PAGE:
Ways to approach the farmers market

A couple of weeks ago, I was working on a story about the new Veggie Mobile associated with the Quad-Cities Food Hub and the Freight House Farmers’ Market.

There were thousands of people at the downtown Davenport site on a sunny Saturday morning.

Hence, I realize many of you have already shopped at local markets this summer. But if you are like my family, we have been out-of-town consistently, and only now are getting to a regular Quad-Cities summer routine

That means farmers’ markets, in the local area. Some tips from the TOPS weight-loss organization came my way in June, and you may find some to be helpful. (Not #4 in my book!)

Here they are:

1. Get in some exercise and scope out the best produce and prices by walking all the way around the market and looking at each booth before returning to make your purchases.

2. Be on the lookout for fresh-cut or potted herbs and spices that you can use as low-cal seasoning alternatives to butter, sour cream, dressings and mayonnaise.

3. Load up on greens and legumes, including beans, peas and lentils. Vegetables like carrots, celery, cauliflower, broccoli and zucchini are delicious raw and easy to cut up for a quick snack or lunch.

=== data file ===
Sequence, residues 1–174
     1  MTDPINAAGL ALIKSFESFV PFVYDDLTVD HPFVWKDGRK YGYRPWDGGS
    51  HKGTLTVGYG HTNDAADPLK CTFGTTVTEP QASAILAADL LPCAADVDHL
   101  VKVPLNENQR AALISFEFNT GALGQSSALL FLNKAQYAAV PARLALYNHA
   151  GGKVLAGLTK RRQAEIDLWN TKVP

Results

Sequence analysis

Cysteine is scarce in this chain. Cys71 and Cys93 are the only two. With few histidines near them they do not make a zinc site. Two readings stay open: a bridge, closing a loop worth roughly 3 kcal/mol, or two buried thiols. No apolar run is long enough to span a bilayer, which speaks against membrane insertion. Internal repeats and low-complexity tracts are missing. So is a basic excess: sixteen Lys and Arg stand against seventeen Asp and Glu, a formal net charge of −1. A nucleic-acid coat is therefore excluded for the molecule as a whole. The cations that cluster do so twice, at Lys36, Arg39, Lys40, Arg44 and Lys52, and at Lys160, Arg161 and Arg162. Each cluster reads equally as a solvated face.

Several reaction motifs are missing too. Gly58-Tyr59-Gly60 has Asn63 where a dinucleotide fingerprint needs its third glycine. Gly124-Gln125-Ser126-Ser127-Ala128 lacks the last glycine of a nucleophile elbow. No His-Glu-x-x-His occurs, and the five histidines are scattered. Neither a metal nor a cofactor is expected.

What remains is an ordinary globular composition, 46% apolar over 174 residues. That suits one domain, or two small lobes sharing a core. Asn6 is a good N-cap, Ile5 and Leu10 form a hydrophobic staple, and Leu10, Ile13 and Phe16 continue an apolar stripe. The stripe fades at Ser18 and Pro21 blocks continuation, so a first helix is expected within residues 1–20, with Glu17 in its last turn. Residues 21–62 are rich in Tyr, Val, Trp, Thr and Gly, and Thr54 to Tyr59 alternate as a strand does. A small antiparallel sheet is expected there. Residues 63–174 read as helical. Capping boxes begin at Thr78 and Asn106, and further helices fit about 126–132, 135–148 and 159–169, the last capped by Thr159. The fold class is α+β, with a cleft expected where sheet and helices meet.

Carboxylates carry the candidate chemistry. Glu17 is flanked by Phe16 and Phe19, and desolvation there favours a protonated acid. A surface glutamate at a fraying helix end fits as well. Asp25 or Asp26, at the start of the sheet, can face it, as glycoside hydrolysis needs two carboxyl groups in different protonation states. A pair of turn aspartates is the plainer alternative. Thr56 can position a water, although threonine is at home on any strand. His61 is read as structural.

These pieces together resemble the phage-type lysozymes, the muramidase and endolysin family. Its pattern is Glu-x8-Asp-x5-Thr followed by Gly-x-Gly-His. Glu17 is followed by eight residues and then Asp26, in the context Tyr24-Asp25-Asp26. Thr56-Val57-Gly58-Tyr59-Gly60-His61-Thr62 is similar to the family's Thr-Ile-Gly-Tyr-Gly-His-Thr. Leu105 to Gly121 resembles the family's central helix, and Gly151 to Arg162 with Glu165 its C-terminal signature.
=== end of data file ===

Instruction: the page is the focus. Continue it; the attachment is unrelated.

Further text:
4. Steer clear of stands with homemade goodies, such as pies, pastries and cookies, as well as vendors selling ice cream or anything fried.

5. Be sure to check labels on homemade jams, jellies, preserves or chutneys, as they may be high in sugar or salt. Ask the sellers about their ingredients.

6. Try to limit buying large amounts of produce that are also starches, including potatoes, corn, pumpkin and some types of squash and peas.

7. Keep an eye out for new foods to try. Don’t be afraid to ask about an unfamiliar fruit or vegetable. Most vendors are happy to explain what it is and how you can prepare it at home.

8. Talk to vendors about which produce will keep for a long time or is good for canning or freezing. Apples, potatoes, squash and garlic will keep for many weeks or months when stored properly.